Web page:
There’s a great tribute to Phyllis Schlafly over at Ace’s place, honoring her on International Woman’s Day, which strangely enough does not seem otherwise interested in honoring her. (And this year’s International Woman’s Day comes just as the left-wing leadership of the United States gets busted drying to drop a feminist award on a terrorist sympathizer. Awk-waaaaard!)
The treatment of Schlafly by mainstream liberalism and its feminist opinion-makers would seem objectively bizarre, if its political dimensions were not so glaringly obvious. Schlafly is the living, breathing incarnation of everything old-school feminism celebrates, an unstoppable super-genius dynamo who effortlessly shattered every glass ceiling in her path. She’s the type who would fence left-handed against Inigo Montoya, because it’s more challenging that way.
But because her convictions were inconvenient to the aggressive takeover of political and cultural institutions by Left-leaning power feminism, she became their mortal enemy. She’s everything the first wave of feminists told women they should aspire to being… but she used the power of “choice” to make choices they disapproved of. She embraced tradition with discerning intelligence, but was still treated as though she was a thoughtless primitive, or the captive of primitives. She understood the importance of harmony between written law and natural law, and that’s inexcusable to those who despise natural law because it serves as a barrier to political ambition.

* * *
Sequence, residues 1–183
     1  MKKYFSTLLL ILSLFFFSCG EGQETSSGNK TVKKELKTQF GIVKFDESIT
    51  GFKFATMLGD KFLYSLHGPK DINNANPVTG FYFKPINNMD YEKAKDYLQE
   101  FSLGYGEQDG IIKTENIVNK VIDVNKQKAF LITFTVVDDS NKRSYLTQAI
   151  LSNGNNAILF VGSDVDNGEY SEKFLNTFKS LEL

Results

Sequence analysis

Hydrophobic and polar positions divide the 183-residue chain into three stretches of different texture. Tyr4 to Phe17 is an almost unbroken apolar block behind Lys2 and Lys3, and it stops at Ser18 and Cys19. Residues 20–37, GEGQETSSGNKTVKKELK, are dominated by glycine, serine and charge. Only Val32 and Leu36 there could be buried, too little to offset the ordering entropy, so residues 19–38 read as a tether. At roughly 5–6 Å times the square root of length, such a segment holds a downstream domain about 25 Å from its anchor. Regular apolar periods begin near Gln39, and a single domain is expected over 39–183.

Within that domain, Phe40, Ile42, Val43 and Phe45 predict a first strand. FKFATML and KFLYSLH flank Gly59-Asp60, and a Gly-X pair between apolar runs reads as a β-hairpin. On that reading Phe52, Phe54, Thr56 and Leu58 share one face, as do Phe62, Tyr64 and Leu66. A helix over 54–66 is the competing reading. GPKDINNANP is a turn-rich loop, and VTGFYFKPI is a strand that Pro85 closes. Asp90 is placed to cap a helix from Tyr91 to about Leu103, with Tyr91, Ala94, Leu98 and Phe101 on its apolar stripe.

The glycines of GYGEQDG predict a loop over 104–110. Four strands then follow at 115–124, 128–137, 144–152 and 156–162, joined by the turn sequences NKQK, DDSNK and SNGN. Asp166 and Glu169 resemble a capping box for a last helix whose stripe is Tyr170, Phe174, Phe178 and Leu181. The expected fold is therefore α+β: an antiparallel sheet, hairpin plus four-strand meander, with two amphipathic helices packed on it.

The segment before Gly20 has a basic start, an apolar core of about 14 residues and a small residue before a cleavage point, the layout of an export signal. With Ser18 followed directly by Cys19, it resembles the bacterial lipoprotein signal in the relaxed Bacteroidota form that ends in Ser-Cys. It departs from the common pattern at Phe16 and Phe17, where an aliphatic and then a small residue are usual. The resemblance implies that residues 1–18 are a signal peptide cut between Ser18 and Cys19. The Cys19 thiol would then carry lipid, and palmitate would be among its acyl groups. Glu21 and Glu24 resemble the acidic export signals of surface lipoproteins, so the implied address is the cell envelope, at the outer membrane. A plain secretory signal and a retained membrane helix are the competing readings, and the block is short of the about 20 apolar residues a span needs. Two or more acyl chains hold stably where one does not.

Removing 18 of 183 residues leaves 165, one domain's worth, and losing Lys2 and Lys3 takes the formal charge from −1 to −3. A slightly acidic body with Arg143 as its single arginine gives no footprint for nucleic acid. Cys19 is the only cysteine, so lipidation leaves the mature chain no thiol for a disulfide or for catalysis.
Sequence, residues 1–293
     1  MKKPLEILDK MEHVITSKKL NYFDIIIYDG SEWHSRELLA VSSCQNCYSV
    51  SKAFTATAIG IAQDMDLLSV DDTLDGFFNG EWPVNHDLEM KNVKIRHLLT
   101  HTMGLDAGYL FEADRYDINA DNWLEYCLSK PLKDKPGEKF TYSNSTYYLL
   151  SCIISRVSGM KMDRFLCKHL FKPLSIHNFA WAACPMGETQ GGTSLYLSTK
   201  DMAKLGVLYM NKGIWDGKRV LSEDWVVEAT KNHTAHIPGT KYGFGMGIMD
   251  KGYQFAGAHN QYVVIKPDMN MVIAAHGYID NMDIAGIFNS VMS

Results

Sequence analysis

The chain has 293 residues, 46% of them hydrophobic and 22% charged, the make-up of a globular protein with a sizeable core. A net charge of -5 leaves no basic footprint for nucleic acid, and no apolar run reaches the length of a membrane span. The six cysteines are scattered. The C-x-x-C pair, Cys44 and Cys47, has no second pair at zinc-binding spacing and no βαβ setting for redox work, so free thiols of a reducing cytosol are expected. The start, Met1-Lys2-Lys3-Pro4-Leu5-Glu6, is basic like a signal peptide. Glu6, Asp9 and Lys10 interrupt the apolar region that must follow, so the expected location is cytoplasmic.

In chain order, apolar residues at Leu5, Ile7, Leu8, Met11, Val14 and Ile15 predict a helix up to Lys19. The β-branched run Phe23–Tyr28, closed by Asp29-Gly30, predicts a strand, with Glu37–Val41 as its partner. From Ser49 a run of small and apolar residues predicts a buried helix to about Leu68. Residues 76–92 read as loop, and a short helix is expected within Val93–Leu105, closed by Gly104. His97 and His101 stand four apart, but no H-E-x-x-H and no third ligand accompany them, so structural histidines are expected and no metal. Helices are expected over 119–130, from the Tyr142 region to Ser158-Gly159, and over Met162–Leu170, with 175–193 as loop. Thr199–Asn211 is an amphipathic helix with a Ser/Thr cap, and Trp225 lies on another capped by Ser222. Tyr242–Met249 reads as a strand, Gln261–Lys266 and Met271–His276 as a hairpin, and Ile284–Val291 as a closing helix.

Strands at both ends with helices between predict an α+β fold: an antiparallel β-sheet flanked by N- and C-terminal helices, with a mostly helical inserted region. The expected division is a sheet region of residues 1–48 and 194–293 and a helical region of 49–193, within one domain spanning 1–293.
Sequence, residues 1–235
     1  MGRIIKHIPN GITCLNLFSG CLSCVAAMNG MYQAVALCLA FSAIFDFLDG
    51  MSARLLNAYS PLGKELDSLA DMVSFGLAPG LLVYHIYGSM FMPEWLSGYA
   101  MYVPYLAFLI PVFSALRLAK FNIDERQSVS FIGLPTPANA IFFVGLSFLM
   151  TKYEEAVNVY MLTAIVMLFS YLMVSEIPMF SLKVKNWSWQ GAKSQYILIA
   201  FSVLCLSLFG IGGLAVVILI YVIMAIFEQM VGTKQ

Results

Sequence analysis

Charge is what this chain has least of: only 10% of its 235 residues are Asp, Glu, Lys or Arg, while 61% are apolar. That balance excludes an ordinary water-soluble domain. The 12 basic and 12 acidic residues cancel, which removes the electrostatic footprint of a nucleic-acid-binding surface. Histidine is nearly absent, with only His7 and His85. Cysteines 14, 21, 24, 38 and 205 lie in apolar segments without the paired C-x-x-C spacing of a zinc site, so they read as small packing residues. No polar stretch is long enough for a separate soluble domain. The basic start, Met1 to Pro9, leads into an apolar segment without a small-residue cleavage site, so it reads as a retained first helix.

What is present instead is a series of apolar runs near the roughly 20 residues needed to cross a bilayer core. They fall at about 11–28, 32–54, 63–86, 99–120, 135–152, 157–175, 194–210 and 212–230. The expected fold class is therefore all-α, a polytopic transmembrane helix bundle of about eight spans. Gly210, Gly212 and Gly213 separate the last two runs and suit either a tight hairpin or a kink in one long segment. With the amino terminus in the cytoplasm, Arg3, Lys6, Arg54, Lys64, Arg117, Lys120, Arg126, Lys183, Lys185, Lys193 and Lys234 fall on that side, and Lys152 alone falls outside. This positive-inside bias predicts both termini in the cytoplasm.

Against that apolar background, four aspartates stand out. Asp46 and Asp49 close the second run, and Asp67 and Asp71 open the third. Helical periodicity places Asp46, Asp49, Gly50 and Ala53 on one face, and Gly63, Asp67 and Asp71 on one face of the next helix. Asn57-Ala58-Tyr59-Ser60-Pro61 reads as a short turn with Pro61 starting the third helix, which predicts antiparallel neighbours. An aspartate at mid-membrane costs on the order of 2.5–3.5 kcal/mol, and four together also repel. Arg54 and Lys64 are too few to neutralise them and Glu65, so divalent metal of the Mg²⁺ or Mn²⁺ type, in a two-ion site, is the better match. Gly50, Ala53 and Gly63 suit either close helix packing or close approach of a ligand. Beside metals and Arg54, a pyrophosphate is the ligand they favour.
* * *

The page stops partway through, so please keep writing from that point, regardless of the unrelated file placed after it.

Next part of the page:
So if you hear Phyllis Schlafly mentioned at all in the media, it’s probably done through gritted teeth, by journalists who studied beneath leftist academics who couldn’t hold a candle to Schlafly on their best day, and never mastered her skill at expressing profound thoughts with accessible prose. And because liberal men live in terror of power feminists, they still haven’t learned, after all these years, how to deal with the conservative superwoman – who is still, at 88 years young, over-achieving and speaking Truth to Power, the way a true feminist should.